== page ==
In short, litters of puppies are being, inhumanly, bought into the United Kingdom from countries where rabies is a risk without vaccination. These puppies are usually the breeds which can be sold easily, the “designer dogs” and the perspective puppy owner knows nothing of the risk that they run when buying a puppy from this type of seller. In addition to this the majority of these dogs also come from a puppy farm environment. So in addition to the risk of rabies they are also not socialised and have learned no skills that will ensure they are a successful family pet.

Rabies is a zoonotic disease and can be passed from animal to human. It is a killer and the last reported case in the UK was a dog in 2008. However HM customs are now detaining as many as four times the amount of dogs coming into the UK with suspect or no paperwork that are at risk of carrying the disease. This excludes the amount of dogs that are illegally smuggled from Eastern Europe and other areas of the continent.

Rescue Organisations

However, there are a range of reputable charities and organisations who rescue dogs from European countries such as Romania where many dogs are abandoned or have been taken to kill shelters. These charities step in to save the dogs, and make sure to follow the government guidance, ensuring that their rescue dogs are completely vaccinated, microchipped and tested for various conditions and diseases before being brought into the UK.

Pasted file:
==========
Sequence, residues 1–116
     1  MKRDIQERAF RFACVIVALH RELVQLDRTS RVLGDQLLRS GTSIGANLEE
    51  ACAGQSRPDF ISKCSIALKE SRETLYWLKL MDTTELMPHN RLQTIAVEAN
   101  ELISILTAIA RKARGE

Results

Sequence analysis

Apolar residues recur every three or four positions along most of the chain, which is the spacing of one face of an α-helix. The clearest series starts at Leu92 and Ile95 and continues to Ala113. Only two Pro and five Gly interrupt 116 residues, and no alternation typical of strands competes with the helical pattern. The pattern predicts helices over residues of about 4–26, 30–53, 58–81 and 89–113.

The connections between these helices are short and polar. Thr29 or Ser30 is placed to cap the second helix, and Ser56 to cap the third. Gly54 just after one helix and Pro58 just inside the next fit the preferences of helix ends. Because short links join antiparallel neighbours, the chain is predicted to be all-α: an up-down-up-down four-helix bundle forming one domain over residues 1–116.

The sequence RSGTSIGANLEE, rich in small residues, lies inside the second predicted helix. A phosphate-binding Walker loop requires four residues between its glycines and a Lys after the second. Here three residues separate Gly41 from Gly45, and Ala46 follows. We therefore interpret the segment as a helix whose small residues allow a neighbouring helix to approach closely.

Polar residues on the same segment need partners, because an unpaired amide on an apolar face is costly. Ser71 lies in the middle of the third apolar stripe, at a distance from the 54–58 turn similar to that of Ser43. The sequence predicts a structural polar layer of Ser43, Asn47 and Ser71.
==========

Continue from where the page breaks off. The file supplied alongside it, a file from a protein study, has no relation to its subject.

Most organisations also have the option for experienced dog handlers to foster the dogs before being adopted so that they can get used to life in the UK, like being in a house, going on a walk and socialising with other dogs and humans, as it’s very unlikely they will have had much experience of this where they were found. Please bear in mind if you do decide to adopt a rescue from abroad, they will need a lot more time for training, learning, bonding and settling in. If you are committed to the challenge, you will certainly be creating a much better and happy life for the pups.

Make sure to do your research. Check out Paws 2 RescueFetcher Dog and The Pack Project UK for more information.

A Good Breeder

So where do you look for a puppy in the UK?

They do exist, ethical breeders, they are the people who love their dogs. Puppies are bought up in the home amid the bustle of everyday life. Breeders offer lifetime support for each of their dogs and ensure that they only breed from healthy dogs and no more often than is healthy for the mother. A good dog breeder will let you see the puppy in the home, along with its mother and often its father too. They will ask questions about the home you can provide and the puppies will be under veterinary care right from birth. If you buy your puppy from an ethical breeder you will not only have a wonderful healthy puppy but also, in the breeder, you will have met a friend for life.

Make sure to check our the res of our puppy blog posts here.